In isolation, either one of these facts might give you an impression of who I am. The first one: maybe I'm a fine, upstanding individual; maybe I'm one of those people who's keeping scientific and social progress locked in the 16th century. The second one: perhaps I'm a just a geek; perhaps I'm anti-Christian, doing exactly what Jack Chick warned about.
I rarely drink, and I've never done drugs. Does that make me a model citizen, or a total bore? I play violent video games, though—how does that affect my identity?
So I'm a sober Christian who plays violent video games and D&D. If you're having trouble reconciling these assertions, you're in good company—I make assumptions about people based on isolated facts all the time. The key is to get to know the people before acting on those assumptions. If I say I'm a Christian, and you say D&D is anti-Christian, then that doesn't automatically make me a liar, or you delusional. We are complex beings, full of secrets and apparent contradictions that make sense upon closer inspection.
We are people, not labels.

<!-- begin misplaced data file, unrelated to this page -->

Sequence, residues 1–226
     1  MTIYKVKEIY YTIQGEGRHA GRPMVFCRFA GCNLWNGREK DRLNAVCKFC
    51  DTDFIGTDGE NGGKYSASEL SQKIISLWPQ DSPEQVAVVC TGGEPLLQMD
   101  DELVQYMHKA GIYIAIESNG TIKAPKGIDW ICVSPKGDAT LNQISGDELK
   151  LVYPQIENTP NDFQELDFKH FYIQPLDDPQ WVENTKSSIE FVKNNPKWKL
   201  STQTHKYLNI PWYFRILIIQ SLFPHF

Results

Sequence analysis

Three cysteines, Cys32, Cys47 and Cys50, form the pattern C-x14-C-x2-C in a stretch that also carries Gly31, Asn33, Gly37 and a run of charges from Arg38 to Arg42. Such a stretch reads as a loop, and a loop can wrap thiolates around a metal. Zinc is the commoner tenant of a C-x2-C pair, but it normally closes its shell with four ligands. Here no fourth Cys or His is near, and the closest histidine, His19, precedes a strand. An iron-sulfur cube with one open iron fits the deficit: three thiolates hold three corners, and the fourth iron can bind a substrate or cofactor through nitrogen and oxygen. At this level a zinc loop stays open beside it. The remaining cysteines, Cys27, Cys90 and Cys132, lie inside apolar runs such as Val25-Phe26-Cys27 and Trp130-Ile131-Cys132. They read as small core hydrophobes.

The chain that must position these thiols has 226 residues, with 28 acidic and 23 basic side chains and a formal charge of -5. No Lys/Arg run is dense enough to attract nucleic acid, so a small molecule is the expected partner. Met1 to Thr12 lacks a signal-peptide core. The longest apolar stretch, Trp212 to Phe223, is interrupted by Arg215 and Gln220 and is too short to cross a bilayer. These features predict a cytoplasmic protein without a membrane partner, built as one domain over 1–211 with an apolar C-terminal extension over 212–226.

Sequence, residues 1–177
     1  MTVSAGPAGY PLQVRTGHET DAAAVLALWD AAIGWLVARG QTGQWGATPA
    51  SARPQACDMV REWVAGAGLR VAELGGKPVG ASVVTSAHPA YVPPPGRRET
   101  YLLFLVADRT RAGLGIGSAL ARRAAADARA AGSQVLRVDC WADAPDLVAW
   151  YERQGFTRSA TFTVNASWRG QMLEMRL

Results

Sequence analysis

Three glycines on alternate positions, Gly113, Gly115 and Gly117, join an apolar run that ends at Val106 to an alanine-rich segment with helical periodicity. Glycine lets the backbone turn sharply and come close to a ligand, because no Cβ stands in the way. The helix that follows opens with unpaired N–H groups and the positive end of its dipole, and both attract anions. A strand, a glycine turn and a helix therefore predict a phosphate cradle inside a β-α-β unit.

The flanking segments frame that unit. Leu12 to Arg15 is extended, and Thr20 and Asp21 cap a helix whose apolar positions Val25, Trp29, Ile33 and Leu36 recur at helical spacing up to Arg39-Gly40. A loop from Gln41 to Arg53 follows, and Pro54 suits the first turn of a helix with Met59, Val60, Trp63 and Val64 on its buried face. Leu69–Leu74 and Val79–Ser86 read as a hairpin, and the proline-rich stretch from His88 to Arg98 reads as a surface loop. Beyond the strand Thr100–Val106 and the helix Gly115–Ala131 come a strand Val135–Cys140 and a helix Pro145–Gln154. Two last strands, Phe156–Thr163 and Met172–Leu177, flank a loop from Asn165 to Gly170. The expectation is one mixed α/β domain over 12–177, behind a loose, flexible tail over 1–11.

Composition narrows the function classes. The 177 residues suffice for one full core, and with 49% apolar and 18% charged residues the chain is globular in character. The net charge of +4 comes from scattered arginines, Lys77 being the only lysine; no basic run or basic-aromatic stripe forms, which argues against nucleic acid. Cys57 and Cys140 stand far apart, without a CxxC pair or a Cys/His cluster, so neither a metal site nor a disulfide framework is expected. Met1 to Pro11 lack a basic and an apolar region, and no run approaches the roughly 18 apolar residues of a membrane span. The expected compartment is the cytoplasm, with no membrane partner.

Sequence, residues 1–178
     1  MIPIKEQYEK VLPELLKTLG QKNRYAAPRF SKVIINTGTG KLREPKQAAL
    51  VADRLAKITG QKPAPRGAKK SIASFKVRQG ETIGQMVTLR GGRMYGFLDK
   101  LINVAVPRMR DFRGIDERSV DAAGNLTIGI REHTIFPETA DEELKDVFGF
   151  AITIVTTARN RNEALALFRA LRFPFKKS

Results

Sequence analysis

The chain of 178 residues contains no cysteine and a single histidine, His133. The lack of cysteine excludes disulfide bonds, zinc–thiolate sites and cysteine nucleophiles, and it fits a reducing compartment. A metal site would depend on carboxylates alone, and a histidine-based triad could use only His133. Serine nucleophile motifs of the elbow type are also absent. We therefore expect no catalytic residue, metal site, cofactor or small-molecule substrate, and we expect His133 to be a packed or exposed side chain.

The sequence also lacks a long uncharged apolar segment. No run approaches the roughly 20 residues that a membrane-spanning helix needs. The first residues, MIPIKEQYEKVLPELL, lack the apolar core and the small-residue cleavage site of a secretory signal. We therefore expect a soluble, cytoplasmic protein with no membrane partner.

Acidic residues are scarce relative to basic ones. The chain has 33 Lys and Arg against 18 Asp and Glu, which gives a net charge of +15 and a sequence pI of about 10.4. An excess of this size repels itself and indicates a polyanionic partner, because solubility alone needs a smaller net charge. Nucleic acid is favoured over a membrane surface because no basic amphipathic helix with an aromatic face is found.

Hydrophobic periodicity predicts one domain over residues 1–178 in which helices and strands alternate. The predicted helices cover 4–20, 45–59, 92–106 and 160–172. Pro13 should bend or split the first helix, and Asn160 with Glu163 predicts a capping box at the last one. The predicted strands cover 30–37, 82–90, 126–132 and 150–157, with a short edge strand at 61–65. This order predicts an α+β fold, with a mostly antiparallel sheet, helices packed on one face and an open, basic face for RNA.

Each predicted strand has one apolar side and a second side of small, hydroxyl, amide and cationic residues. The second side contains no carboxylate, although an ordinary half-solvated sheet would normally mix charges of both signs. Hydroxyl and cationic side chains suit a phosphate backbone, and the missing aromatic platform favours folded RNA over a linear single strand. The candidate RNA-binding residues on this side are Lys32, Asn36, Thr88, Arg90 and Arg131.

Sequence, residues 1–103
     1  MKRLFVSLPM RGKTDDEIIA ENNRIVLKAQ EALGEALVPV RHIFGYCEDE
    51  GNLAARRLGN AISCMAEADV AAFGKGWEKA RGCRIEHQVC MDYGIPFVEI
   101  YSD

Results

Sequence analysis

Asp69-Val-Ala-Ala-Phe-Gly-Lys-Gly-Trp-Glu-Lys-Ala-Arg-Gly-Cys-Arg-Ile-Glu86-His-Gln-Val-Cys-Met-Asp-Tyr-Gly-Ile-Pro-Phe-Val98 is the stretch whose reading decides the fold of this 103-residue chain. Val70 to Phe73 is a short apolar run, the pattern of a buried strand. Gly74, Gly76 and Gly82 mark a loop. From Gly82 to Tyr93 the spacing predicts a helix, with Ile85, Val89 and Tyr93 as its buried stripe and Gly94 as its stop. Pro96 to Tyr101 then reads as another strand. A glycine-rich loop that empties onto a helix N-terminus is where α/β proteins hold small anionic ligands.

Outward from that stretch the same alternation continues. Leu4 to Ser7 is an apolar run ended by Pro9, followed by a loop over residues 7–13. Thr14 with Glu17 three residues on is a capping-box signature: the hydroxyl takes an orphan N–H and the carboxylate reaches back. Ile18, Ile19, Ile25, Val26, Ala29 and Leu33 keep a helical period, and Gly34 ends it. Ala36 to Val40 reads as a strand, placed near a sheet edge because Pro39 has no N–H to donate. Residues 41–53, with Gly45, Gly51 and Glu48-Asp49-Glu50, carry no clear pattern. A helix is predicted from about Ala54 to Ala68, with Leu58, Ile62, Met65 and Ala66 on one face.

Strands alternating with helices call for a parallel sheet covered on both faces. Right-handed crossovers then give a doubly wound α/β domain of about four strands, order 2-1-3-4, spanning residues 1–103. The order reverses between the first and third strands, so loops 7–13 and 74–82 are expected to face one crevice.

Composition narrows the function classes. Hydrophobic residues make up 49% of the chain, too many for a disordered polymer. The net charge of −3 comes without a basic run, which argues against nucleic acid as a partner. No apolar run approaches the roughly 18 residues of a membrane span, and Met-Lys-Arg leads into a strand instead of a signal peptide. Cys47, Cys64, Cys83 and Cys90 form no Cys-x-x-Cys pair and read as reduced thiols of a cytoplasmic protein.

Labels are a fine starting point, but a dangerous ending point. When introducing myself to someone new, I'll often profess to be a geek, rattling off a few geeky interests to sow the seeds of conversation. It's not uncommon for those seeds not to sprout, so I've learned to gloss over the "geek" point and talk about my job, my wife, traveling around the world, my eclectic taste in music, etc., and hope that one of the many things I've listed serves as a discussion hook. Even if nothing I say gets a nibble, then I've at least established myself as a person of varied interests and diverse history. "Geek" sums up a lot of my personality, but it's not exclusively who I am, and I would be remiss in letting someone walk away from a conversation without giving them any sense of who I am beyond that.
Sadly, the labels are often all we see. From social and political issues to matters of faith and personal taste, we categorically dismiss or disdain the people who bear labels we don't like. Gays. Muslims. The rich. The poor. The French. The elderly. Politicians. CEOs. Whites. Jocks. Libertarians. Environmentalists. Fundamentalists. Porn stars. Terrorists. Nickelback fans. Anyone who sees the world differently than we do, comes from a different background than we do, is in any way different from us. We as a species reserve the right to stop thinking of you as a person if there's even a single label we can apply to you.
I don't have to agree with you. I don't have to like you. And I don't have to turn a deaf ear to you because of a label.